Legosity

So far, I have described my thoughts about ozamataz up to the point where I asked whether one could attract that kind of self-sustaining fan participation, and if so, how. This is also the point at which the Muse, or the Guardian Angel, or the Collective Subconscious, or Something, stepped in. Perhaps it was the Great Oz himself.

Having worked out something of the nature of ozamataz, I asked my brain: ‘OK, brain, what is it that makes some things have ozamataz when others don’t?’

And my brain, without missing a beat, obligingly answered: ‘Legosity.’

I was duly annoyed, for I then had to figure out what legosity was. My brain is cryptic and has no manners, and seldom troubles to explain itself.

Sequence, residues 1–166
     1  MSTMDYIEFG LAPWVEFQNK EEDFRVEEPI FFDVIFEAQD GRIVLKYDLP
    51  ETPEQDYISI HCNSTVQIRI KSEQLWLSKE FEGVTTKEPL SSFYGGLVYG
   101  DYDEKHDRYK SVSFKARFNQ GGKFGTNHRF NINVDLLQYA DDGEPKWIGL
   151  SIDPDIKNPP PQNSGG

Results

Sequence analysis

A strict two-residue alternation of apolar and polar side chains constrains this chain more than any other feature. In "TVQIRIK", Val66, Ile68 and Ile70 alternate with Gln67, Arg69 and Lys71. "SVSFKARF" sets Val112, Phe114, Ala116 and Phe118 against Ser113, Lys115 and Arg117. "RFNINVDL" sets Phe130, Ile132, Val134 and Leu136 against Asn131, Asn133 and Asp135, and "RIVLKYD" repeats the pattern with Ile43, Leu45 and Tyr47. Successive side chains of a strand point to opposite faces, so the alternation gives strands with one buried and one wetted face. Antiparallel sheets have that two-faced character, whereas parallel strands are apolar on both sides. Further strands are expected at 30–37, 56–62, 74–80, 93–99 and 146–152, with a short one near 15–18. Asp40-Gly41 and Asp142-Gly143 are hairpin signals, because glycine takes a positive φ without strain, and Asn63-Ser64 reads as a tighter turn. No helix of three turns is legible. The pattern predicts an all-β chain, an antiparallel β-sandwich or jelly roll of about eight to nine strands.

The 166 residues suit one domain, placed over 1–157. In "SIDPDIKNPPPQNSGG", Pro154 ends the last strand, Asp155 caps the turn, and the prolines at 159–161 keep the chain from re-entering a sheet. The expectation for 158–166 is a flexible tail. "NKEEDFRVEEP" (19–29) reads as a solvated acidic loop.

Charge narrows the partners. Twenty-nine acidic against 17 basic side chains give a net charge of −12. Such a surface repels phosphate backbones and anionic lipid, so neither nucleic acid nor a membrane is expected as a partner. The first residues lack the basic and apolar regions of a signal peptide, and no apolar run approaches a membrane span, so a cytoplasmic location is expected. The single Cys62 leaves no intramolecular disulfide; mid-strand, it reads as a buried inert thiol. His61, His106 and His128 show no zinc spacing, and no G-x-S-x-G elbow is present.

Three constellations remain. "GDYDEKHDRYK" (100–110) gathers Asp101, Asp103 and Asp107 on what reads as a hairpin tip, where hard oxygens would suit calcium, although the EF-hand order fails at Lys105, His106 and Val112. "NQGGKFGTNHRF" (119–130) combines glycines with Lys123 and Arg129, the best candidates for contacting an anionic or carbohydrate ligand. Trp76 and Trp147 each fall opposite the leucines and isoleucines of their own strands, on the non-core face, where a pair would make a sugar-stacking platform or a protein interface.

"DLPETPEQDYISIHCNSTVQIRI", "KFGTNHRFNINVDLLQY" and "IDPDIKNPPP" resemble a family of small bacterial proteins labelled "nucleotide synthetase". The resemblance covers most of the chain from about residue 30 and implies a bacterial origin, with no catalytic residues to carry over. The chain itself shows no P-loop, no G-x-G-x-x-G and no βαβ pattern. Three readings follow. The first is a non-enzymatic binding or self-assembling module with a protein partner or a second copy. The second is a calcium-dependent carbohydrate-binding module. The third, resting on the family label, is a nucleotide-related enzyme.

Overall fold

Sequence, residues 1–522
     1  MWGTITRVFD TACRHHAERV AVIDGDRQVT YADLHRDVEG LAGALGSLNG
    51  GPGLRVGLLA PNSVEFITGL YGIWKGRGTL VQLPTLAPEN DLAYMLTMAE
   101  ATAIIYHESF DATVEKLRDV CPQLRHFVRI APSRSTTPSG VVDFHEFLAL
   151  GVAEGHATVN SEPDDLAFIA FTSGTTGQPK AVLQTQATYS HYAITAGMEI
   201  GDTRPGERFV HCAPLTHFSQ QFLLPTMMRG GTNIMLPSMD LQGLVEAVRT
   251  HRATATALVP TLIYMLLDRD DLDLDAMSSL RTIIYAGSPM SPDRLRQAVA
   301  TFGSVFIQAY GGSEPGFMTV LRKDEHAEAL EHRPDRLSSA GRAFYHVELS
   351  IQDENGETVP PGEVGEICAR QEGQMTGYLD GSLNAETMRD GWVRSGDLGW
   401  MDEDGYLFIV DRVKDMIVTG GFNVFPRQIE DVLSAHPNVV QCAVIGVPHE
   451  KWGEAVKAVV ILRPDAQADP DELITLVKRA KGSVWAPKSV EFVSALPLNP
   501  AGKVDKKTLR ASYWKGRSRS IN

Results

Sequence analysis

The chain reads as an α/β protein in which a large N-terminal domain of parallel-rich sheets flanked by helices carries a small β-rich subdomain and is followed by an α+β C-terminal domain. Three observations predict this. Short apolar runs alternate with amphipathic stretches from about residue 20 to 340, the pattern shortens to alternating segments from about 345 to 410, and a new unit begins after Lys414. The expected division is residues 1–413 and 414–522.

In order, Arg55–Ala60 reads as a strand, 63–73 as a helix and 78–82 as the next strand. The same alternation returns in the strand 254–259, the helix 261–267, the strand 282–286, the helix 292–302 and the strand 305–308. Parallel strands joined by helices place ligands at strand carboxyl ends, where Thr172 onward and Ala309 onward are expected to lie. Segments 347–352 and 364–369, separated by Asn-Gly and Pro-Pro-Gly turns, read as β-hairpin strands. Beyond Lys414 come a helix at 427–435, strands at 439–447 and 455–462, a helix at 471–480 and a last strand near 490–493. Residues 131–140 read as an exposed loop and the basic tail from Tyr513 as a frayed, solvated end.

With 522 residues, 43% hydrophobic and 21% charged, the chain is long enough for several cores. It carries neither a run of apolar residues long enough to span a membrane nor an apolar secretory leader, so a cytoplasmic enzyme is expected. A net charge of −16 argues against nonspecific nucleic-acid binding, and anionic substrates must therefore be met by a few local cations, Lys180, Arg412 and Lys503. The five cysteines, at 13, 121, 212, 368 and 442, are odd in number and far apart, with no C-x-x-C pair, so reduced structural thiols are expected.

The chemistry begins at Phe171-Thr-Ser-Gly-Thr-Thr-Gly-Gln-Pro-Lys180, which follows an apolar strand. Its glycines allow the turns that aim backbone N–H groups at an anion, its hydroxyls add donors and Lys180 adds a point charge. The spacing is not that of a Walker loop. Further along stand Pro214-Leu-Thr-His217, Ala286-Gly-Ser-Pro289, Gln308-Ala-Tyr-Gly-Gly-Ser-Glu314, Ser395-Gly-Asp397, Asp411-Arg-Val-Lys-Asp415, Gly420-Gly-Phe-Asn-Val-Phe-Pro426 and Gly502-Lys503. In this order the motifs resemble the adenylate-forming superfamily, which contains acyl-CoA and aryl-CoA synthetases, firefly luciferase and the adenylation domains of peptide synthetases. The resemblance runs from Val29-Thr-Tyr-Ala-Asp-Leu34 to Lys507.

The one thing my brain did deign to tell me is that legosity has something to do with Lego. This made sense on the face of it. Lego toys have an ozamataz of their own. They have inspired movies, games, theme parks, and of course, the imaginations of millions of children the world over. The manufacturer’s recent habit of producing specific single-purpose Lego sets like model kits, which hardly fit together with other Lego and are hardly intended to, is most regrettable. These kits tend to take up shelf space at the toy shops and displace the kind of Lego that you can really play with. But the original bricks and doors and windows, Lego people and Lego cars and Lego trees, and so on – those are still available, and you can do anything with them. Nowadays, you can even buy Lego with moving parts and electric motors, and build Lego machines that can be controlled via computer. There are Lego robots in the world, and serious men with doctorates in the hard sciences have been known to play with them.